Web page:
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By Scott Hamilton

What will the Future Small Airplane look like? Composites, metal, or a combination? Concept Credit: Leeham News.

Aug. 29, 2022, ©Leeham News: Airbus and Qatar Airways are in a nasty court battle over composite degradation on the A350. Lightning strike protection is a major concern in the Qatar lawsuit. Paint begins to strip off composite materials on the A350 and Boeing 787. Building composite airplanes is expensive.

Composites have been on airplanes since the days of the Boeing 727 when the wing-to-body fairings were made of composites. Airbus put composite vertical fins on the A310 and A300-600R. Private airplanes used composites.

But it was the Boeing 787 that became a ground-breaking airliner with its composite wings and composite fuselage. Boeing’s launch of the 787 in December 2003 was what would later be described as a moonshot. It was the first “all” composite airplane. (About 52% by weight was composite.)

It was the first “all-electric” aircraft, meaning all systems were powered by electric energy. Boeing intended that this would be a “snap-together” airplane. Fuselage sections were to be “stuffed” when delivered to the final assembly line in Everett (WA) and “snapped” together, like a prefabricated house. Outsourcing to industrial partners was taken to unprecedented levels at Boeing. (Airbus already largely practiced this for its aircraft.)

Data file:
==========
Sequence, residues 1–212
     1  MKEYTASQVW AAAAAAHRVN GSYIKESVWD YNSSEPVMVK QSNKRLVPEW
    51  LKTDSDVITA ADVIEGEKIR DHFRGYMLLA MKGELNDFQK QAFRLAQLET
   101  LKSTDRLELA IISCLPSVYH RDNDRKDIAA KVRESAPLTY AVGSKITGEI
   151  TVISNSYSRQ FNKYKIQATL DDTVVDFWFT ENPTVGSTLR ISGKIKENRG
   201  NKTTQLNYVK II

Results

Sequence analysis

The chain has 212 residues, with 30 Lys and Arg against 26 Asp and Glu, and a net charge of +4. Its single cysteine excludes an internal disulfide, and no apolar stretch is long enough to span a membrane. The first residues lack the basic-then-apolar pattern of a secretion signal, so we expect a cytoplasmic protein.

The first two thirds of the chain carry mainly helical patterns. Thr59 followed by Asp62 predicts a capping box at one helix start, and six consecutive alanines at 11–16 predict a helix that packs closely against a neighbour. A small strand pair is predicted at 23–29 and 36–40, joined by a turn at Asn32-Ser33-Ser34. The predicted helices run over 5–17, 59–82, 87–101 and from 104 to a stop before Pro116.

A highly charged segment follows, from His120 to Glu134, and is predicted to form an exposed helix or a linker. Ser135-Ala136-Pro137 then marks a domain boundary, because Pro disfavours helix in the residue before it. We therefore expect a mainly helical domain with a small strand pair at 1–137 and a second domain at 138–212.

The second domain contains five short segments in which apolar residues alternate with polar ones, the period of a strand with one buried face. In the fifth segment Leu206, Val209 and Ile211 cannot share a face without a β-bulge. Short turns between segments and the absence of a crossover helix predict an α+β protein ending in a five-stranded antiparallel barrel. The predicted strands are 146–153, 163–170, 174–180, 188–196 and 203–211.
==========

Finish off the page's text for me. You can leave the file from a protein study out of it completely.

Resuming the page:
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Pontifications: Signs point to China OK soon for Boeing deliveries, orders

By Scott Hamilton

Aug. 29, 2022, © Leeham News: The Chinese government appears on a path toward authorizing Boeing to resume deliveries to airlines by or early in the fourth quarter, China watchers tell LNA.

China hasn’t placed new orders for Boeing aircraft, with few exceptions, since then-President Donald Trump initiated a trade war with China shortly after taking office in 2017.

Nor has China taken delivery of more than single-digit numbers since 2019, following the grounding of the 737 MAX in March that year. China’s regulator, CAAC, was the first to ground the domestic MAX fleet following the second accident of the type in March 2019, five months after the first accident.

China was the last major regulator to recertify the MAX, in December 2021, following the FAA’s recertification in November 2020. But CAAC has not authorized deliveries. It appeared on the cusp of doing so when last May a China Eastern Airlines 737-800 nose-dived from cruising altitude into the ground, killing all aboard. CAAC ordered China Eastern and its affiliated airlines to ground all 737-800s, a move widely believed to be unwarranted given the circumstances of the crash that tentatively pointed to a cockpit-controlled dive. Later investigation largely confirmed this, though no accident report has been released yet.

Because of the crash, CAAC withheld authorization for Boeing to resume deliveries of the MAX. Geopolitical considerations also are believed to have played a role as tensions between the Washington and Beijing continued over the unresolved trade war, China’s straddling sides in the Russian-Ukraine War, and visits by members of the US Congress visited Taiwan. China regards Taiwan as a renegade province and objects to political visits by other countries.